Using VMware vSphere volumes for persistent storage
OKD supports VMware vSphere’s Virtual Machine Disk (VMDK) volumes. You can provision your OKD cluster with persistent storage using VMware vSphere. Some familiarity with Kubernetes and VMware vSphere is assumed.
OKD creates the disk in vSphere and attaches the disk to the correct instance.
The OKD persistent volume (PV) framework allows administrators to provision a cluster with persistent storage and gives users a way to request those resources without having any knowledge of the underlying infrastructure. vSphere VMDK volumes can be provisioned dynamically.
PVs are not bound to a single project or namespace; they can be shared across the OKD cluster. PV claims, however, are specific to a project or namespace and can be requested by users.
High availability of storage in the infrastructure is left to the underlying storage provider.
Before creating PVs using vSphere, ensure your OKD cluster meets the following requirements:
OKD must first be configured for vSphere.
Each node host in the infrastructure must match the vSphere VM name.
Each node host must be in the same resource group.
Dynamically provisioning VMware vSphere volumes is the preferred provisioning method.
If you did not specify the
openshift_vsphere_*variables in the Ansible inventory file when you provisioned the cluster, you must manually create the following
StorageClassto use the
$ oc get --export storageclass vsphere-standard -o yaml kind: StorageClass apiVersion: storage.k8s.io/v1 metadata: name: "vsphere-standard" (1) provisioner: kubernetes.io/vsphere-volume (2) parameters: diskformat: thin (3) datastore: "YourvSphereDatastoreName" (4) reclaimPolicy: Delete
1 The name of the StorageClass. 2 The type of storage provisioner. Specify
3 The type of disk. Specify either
4 The source datastore where the disks will be created.
After you request a PV, using the StorageClass shown in the previous step, OKD automatically creates VMDK disks in the vSphere infrastructure. To verify that the disks were created, use the Datastore browser in vSphere.
vSphere-volume disks are
ReadWriteOnceaccess mode, which means the volume can be mounted as read-write by a single node. See the Access modes section of the Architecture guide for more information.
Storage must exist in the underlying infrastructure before it can be mounted as a volume in OKD. After ensuring OKD is configured for vSphere, all that is required for OKD and vSphere is a VM folder path, file system type, and the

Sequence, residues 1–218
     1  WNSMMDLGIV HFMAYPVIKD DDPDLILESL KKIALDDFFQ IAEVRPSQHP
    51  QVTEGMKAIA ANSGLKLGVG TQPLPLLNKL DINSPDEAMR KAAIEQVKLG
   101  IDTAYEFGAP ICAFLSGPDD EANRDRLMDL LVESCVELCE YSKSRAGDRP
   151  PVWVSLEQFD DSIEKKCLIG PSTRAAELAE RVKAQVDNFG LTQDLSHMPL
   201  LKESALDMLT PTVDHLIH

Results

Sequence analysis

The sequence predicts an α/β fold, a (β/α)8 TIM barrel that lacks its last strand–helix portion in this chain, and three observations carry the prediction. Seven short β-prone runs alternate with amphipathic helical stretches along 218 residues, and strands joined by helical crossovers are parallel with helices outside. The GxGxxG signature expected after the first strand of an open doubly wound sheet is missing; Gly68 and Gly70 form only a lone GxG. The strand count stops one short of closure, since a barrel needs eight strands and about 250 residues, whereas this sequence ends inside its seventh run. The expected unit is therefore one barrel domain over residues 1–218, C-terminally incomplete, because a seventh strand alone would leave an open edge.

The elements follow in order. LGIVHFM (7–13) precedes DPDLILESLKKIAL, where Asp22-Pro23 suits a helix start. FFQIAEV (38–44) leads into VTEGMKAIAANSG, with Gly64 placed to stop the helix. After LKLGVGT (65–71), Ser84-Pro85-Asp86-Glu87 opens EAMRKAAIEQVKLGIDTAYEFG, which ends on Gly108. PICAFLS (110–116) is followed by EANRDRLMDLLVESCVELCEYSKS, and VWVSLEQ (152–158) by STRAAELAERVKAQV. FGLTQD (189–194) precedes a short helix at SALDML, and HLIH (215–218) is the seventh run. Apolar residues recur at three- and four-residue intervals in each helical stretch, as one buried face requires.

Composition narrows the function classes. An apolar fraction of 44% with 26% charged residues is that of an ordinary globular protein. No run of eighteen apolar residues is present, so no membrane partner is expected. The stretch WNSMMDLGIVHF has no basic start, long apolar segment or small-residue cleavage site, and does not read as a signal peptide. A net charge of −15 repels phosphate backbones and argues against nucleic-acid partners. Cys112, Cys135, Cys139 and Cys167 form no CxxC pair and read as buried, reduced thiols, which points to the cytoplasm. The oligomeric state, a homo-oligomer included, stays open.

Create VMDK using one of the following methods before using them.
Access ESX through Secure Shell (SSH) and then use following command to create a VMDK volume:
vmkfstools -c 40G /vmfs/volumes/DatastoreName/volumes/myDisk.vmdk
shell vmware-vdiskmanager -c -t 0 -s 40GB -a lsilogic myDisk.vmdk
Define a PV object definition, for example vsphere-pv.yaml:
apiVersion: v1 kind: PersistentVolume metadata: name: pv0001 (1) spec: capacity: storage: 2Gi (2) accessModes: - ReadWriteOnce persistentVolumeReclaimPolicy: Retain vsphereVolume: (3) volumePath: "[datastore1] volumes/myDisk" (4) fsType: ext4 (5)
1 The name of the volume. This must be how it is identified by PV claims or from pods. 2 The amount of storage allocated to this volume. 3 The volume type being used. This example uses
vsphereVolume. The label is used to mount a vSphere VMDK volume into pods. The contents of a volume are preserved when it is unmounted. The volume type supports VMFS and VSAN datastore.
4 The existing VMDK volume to use. You must enclose the datastore name in square brackets () in the volume definition, as shown. 5 The file system type to mount. For example,
xfs, or other file-systems.
Changing the value of the
fsTypeparameter after the volume is formatted and provisioned can result in data loss and pod failure.
Create the PV:
$ oc create -f vsphere-pv.yaml persistentvolume "pv0001" created
Verify that the PV was created:
$ oc get pv NAME LABELS CAPACITY ACCESSMODES STATUS CLAIM REASON AGE pv0001 <none> 2Gi RWO Available 2s
Now you can request storage using PV claims, which can now use your PV.
PV claims only exist in the user’s namespace and can only be referenced by a pod within that same namespace. Any attempt to access a PV from a different namespace causes the pod to fail.
Before OKD mounts the volume and passes it to a container, it checks that the volume contains a file system as specified by the
fsType parameter in the PV definition. If the device is not formatted with the file system, all data from the device is erased, and the device is automatically formatted with the given file system.
Because OKD formats them before the first use, you can use unformatted vSphere volumes as PVs.